Authorities in Honduras have destroyed more than 100 acres of coca crops this year, showing that criminal groups continue to use the country as a testing ground for cocaine production.
The latest seizure occurred on October 14, when the Honduran Directorate for the Fight Against Drug Trafficking (Dirección de Lucha Contra el Narcotráfico - DLCN) located and destroyed three acres planted with 4,000 coca bushes in Iriona, a municipality on the Caribbean coast in the department of Colón, according to a news release.
A week earlier, the National Anti-Drug Police Directorate (Dirección Nacional Policial Antidrogas – DNPA) raided two separate coca plantations with camps for processing cocaine, according to another news release.
The seizures add to a growing number of raids on coca plantations this year. From January to November 2020, Honduran authorities dismantled 15 cocaine-processing camps and destroyed about 346,500 coca plants spread over 102 acres in the departments of Yoro, Olancho and Colón. The DNPA reports having discovered 10 laboratories and 331,500 coca plants, while the DLCN has registered 5 laboratories and at least 15,000 plants.
An anonymous intelligence official who spoke to El Heraldo about the seizures alleged that Mexican organized crime groups could be involved in facilitating cocaine production in Honduras by sending cash and personnel to establish coca fields and drug processing camps. The outlet noted that Colombians are also thought to have traveled to Honduras to provide cocaine-processing expertise.
InSight Crime Analysis
After years of low-level experimentation, coca cultivation in Honduras is seemingly expanding, with cocaine production coming online -- potentially reducing costs and shortening supply chains.
Coca cultivation first began in Honduras around 2014, when authorities began finding coca plantations in Lempira, Yoro, Olancho and Colón, departments which make up a major part of a land trafficking corridor from the Caribbean department of Gracias a Dios to the Honduras-Guatemala border. Marijuana plantations had long been prevalent in the region, but the sudden appearance of coca caused authorities to look at the possibility of outside crime groups being involved, including those in Guatemala, Colombia, and Mexico.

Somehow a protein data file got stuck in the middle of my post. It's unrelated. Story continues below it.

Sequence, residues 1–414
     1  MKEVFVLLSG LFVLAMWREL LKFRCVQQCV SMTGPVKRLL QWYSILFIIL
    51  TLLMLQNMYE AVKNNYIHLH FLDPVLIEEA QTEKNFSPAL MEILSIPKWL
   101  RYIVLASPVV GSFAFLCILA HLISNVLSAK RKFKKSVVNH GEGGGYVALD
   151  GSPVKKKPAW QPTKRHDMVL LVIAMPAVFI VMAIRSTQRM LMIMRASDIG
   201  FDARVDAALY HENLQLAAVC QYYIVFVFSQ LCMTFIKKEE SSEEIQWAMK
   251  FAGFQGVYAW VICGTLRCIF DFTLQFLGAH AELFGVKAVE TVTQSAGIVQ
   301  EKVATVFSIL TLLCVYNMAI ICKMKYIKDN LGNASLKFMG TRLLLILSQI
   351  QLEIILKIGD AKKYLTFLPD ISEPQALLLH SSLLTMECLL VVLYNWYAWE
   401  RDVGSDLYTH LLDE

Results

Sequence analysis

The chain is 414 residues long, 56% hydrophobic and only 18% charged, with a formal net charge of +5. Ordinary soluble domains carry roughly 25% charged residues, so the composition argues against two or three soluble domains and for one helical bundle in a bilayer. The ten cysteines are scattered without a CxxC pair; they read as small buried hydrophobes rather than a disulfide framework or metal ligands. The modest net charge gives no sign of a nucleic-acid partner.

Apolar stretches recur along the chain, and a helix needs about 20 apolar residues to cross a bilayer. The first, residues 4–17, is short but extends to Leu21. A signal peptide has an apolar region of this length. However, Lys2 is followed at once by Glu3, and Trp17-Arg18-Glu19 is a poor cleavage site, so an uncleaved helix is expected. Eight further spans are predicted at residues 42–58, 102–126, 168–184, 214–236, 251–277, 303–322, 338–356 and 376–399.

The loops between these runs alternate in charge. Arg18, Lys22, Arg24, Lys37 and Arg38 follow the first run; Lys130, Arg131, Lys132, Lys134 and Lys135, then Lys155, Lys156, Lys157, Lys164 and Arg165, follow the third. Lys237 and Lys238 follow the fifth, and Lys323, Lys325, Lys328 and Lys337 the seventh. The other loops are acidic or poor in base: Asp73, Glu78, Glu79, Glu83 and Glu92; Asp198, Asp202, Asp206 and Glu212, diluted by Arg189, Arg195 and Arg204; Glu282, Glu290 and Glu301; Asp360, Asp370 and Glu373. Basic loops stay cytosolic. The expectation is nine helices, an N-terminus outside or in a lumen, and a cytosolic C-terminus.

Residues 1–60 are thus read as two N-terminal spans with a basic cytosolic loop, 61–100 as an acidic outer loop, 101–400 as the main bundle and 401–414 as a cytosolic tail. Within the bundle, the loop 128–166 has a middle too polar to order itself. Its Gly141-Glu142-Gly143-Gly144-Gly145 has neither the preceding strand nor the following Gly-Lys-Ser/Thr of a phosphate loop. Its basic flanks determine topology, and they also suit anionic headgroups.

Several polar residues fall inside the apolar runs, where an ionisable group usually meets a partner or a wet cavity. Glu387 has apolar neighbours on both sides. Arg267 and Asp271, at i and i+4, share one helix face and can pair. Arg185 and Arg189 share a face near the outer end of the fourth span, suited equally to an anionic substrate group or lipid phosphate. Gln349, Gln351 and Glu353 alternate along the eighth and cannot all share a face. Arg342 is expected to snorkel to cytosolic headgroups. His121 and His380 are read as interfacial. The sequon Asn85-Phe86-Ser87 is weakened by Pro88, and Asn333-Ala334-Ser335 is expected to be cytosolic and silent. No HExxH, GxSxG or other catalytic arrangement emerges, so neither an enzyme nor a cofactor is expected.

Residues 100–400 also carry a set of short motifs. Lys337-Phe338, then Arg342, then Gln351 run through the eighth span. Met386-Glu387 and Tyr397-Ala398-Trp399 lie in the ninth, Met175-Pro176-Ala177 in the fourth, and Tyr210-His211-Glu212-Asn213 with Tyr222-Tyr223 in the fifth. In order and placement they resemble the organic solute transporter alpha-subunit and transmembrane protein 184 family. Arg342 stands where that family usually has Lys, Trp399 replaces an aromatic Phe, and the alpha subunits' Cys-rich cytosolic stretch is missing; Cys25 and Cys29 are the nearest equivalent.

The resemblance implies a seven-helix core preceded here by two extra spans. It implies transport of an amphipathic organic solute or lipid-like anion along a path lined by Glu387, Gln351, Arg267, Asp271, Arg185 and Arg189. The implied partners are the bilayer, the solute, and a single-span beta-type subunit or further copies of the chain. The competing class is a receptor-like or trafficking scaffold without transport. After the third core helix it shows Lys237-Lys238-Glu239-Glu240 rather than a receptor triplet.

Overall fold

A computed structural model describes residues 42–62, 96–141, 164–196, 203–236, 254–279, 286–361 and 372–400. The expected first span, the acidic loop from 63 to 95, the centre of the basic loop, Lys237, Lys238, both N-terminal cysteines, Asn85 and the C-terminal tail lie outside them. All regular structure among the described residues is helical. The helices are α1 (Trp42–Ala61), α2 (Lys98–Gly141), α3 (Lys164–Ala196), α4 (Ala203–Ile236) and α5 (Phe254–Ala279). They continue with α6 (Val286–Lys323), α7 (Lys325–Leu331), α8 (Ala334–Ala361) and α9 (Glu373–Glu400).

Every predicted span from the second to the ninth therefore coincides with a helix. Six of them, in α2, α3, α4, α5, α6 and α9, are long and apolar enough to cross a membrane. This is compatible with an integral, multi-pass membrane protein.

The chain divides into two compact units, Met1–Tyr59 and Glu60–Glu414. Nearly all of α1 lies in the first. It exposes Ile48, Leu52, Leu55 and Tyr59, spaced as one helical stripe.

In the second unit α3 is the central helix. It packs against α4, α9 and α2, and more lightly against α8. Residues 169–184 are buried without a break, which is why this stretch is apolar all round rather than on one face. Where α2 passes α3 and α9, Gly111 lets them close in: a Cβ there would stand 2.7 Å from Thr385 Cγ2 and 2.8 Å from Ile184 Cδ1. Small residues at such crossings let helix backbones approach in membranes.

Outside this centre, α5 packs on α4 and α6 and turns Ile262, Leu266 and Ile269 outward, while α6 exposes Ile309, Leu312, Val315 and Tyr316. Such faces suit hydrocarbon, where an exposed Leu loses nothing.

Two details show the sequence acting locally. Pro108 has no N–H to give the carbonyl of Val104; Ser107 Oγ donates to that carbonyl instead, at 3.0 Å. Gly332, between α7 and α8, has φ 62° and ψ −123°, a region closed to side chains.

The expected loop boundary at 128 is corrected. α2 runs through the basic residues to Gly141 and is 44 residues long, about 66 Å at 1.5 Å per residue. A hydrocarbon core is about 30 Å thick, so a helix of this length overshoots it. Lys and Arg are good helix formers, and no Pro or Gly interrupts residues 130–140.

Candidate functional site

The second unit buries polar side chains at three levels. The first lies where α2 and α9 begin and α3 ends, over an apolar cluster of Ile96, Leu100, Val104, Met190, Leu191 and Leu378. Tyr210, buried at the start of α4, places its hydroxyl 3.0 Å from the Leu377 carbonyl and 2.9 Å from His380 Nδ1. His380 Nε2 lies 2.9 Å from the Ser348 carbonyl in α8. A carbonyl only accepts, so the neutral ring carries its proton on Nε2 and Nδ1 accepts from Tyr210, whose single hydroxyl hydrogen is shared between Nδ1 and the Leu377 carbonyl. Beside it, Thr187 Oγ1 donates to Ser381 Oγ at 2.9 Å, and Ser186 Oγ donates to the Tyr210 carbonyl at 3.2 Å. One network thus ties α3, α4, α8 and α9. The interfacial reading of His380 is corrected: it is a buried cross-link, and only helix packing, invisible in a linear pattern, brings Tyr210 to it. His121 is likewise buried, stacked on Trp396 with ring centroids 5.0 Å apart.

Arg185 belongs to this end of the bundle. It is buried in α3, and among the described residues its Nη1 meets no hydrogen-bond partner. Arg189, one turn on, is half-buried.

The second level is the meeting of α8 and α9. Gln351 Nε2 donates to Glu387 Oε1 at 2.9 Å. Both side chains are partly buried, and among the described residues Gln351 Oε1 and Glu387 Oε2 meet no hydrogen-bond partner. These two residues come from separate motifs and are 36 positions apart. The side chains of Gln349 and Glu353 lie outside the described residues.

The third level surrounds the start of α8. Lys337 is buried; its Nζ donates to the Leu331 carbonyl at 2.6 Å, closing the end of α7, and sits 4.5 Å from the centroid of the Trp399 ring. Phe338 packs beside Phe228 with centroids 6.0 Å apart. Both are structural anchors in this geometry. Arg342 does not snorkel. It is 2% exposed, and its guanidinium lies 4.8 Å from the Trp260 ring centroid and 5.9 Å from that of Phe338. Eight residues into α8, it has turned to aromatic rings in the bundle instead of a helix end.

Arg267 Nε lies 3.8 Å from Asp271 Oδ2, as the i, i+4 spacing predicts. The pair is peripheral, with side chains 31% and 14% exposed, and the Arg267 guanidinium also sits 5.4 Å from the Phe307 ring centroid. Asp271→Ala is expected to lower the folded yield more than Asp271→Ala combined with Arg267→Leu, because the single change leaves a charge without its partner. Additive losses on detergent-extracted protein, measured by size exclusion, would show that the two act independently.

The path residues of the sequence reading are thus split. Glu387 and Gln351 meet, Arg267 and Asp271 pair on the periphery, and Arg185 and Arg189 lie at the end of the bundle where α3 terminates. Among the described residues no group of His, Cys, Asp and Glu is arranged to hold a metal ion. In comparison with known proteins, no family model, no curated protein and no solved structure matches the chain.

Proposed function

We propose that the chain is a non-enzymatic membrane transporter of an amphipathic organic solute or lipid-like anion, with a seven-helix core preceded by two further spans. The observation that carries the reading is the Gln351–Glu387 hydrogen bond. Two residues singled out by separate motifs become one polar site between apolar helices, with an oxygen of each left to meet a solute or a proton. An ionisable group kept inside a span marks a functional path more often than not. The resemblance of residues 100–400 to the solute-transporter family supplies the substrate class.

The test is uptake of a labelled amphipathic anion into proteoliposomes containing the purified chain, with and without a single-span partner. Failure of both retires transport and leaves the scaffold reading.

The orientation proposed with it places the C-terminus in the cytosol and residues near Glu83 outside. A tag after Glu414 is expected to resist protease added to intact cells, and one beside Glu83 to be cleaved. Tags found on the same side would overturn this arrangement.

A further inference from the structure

While there is no real evidence of any Jalisco Cartel presence, the Sinaloa Cartel has long been suspected of partnering with Honduran traffickers. Honduran authorities' emphasis on fingering outside cartels may serve to deflect attention from the participation of domestic criminal groups or even local officials.
Honduras has long been a transit point for cocaine trafficked by air and sea along its remote coastline, jungle, and mountain regions. The same "transportista" groups that receive, store and move US-bound drugs may also be experimenting with coca cultivation and cocaine production.
SEE ALSO: Honduras Profile and News
Indeed it was “Los Cachiros," a local drug-trafficking group, that controlled the territory where the first Honduran cocaine labs were found. Since the capture and extradition of the group’s leaders to the United States in 2014 and 2015, significant evidence has emerged that high-level officials and politicians protected not only drug shipments but also production facilities.
Coca grown in Honduras, however, is of a lesser quality than that grown in South America. Honduran coca crops are often immature plants ranging from 15cm to 80cm, with the largest plants reaching 1- to 1.5 meters in height. Colombian plants measure up to 2 meters. The cocaine content of the Honduran-grown plants is likely to be lower than Andean-grown coca, given that potency is strongly connected with altitude.